Issue 12, July 30, 2018

Weather is Conducive for Powdery Mildew

Based on the weather that we have had this past July, powdery mildew will be seen in more than just a handful of places. The six common genera of powdery mildew fungi in the Midwest all prefer warm, humid days. The spores germinate on foliage when the relative humidity is 23% to 99% but not in a free moisture (rain). Powdery mildew is a common fungal disease problem on many perennials as well as annuals, shrubs, turf and even trees. One plant can spread the disease very quickly especially in humid weather. Even though this disease can spread quickly over a plant, it doesn't normally kill one.

Symptoms of powdery mildew is a white or dusty grey patches on the leaves, shoots, buds, flowers or stems. This mildew is composed of threadlike mycelium and asexual spores of fungus. Powdery mildew fungi over winter on plant tissue and dormant buds. The spores are released in the spring damp weather and move to uninfected tissue in water or wind. In some cases the growth is superficial and in other cases the leaves become distorted dwarfed and discolored.  The severity of the symptoms depends on the host species, age of the tissue infected, environmental conditions and the fungus involved. New growth on plants is more sensitive than older leaves.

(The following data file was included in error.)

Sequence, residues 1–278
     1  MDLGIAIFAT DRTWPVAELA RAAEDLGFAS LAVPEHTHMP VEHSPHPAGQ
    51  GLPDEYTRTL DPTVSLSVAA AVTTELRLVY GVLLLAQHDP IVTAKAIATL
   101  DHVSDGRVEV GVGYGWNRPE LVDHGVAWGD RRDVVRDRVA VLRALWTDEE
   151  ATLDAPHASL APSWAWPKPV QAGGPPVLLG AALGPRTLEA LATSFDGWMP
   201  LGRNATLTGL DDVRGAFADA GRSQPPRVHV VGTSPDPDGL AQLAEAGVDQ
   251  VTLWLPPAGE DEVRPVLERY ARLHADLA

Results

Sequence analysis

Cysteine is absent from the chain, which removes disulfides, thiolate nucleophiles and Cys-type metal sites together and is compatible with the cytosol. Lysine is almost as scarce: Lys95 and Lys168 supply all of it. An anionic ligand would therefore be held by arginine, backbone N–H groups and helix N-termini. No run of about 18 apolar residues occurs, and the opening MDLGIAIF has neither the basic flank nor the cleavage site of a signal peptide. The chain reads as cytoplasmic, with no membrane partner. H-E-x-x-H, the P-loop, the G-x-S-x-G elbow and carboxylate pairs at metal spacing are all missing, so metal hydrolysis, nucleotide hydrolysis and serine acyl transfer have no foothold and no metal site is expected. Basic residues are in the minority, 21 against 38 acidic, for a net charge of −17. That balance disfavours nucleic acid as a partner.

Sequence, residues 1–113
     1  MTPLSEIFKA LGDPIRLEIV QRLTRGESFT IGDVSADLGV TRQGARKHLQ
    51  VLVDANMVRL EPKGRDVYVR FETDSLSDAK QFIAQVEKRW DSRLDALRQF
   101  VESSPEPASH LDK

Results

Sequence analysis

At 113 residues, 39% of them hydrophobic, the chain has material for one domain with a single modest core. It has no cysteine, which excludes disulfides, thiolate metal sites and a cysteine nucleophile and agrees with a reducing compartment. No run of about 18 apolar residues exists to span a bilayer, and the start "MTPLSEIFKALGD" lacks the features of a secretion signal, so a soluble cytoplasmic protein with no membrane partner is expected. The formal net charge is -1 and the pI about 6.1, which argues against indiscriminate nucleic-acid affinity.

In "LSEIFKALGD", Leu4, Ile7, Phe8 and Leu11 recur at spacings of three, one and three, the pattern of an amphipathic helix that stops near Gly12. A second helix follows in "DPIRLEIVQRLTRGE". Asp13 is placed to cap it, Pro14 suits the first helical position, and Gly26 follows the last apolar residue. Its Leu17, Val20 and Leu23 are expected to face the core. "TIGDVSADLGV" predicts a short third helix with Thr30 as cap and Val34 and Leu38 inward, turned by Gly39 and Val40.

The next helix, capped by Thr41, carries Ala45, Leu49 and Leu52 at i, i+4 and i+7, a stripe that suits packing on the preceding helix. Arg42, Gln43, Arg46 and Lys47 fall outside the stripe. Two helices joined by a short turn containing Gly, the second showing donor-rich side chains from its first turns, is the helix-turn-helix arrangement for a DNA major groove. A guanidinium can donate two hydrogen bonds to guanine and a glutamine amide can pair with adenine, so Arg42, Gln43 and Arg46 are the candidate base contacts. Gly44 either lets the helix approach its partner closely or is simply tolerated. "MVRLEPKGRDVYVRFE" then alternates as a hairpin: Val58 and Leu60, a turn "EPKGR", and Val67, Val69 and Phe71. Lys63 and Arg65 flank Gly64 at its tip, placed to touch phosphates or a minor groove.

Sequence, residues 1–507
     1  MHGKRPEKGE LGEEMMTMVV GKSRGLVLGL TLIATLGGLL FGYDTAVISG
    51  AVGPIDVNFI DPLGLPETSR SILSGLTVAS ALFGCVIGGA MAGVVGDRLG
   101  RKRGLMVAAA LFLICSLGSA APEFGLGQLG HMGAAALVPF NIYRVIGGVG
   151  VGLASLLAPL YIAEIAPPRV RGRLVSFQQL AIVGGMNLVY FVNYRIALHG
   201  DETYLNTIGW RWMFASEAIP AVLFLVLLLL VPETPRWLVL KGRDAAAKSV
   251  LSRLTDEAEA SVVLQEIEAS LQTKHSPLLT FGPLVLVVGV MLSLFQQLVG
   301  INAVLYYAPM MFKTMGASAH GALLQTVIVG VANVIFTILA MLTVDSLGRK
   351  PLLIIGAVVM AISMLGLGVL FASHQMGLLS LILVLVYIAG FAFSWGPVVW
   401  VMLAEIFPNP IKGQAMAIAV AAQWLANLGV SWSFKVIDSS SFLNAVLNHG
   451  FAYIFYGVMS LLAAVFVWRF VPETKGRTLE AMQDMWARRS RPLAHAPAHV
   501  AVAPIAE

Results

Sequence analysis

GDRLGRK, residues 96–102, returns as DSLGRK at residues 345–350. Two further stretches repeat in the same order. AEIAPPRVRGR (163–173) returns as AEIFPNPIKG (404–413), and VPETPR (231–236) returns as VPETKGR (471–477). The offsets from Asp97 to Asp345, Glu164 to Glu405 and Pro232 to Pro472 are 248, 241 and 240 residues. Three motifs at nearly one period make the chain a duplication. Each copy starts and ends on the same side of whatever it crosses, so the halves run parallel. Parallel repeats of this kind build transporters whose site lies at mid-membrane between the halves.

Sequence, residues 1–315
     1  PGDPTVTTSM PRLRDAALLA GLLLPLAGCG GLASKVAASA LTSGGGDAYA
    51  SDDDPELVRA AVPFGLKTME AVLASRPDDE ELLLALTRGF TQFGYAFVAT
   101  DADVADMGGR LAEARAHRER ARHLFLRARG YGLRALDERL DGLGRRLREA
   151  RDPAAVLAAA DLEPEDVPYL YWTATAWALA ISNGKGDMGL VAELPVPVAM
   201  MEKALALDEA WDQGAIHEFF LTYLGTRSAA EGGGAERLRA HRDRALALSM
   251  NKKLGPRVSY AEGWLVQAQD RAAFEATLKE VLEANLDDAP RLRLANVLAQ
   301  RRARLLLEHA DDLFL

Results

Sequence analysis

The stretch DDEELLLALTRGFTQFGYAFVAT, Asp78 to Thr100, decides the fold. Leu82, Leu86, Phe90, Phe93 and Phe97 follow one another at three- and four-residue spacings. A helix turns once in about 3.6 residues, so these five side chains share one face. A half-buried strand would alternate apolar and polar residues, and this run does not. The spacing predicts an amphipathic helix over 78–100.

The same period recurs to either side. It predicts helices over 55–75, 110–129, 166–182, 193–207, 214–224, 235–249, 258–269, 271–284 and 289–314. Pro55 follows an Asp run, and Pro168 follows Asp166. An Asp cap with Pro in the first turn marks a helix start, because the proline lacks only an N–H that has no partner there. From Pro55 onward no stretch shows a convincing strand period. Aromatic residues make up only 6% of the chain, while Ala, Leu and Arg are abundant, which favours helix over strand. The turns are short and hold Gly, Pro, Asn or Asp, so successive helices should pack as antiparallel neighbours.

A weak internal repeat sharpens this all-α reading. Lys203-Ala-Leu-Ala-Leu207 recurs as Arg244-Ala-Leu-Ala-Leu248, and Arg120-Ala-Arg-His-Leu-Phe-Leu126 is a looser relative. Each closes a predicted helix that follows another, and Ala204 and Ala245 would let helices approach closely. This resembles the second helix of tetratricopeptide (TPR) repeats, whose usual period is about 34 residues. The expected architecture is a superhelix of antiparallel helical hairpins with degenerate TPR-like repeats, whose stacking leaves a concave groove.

Powdery mildew on common lilac.

Managing powdery mildew infections, can be done by several means.  It is important to provide conditions for adequate air flow. Pruning and thinning stands of plants, or branches will allow for better air movement. Watering in the morning or early part of the day to promote rapid drying will also help.  Resistant varieties are the first means of disease control but unfortunately are not always available. Fungicides are also available and should be utilized at the first sign of the disease. Once the disease has become widespread, it cannot be controlled in that year.  

Finally in the fall when cleaning up plant debris. Remove and destroy all infected plant parts.  It is not recommended to put the debris in a compost pile, as the temperature does not get high enough to destroy the fungi. It is best to put the material in a bag and take it to an appropriate dump site/landfill.  (Maria Turner

Maria Turner

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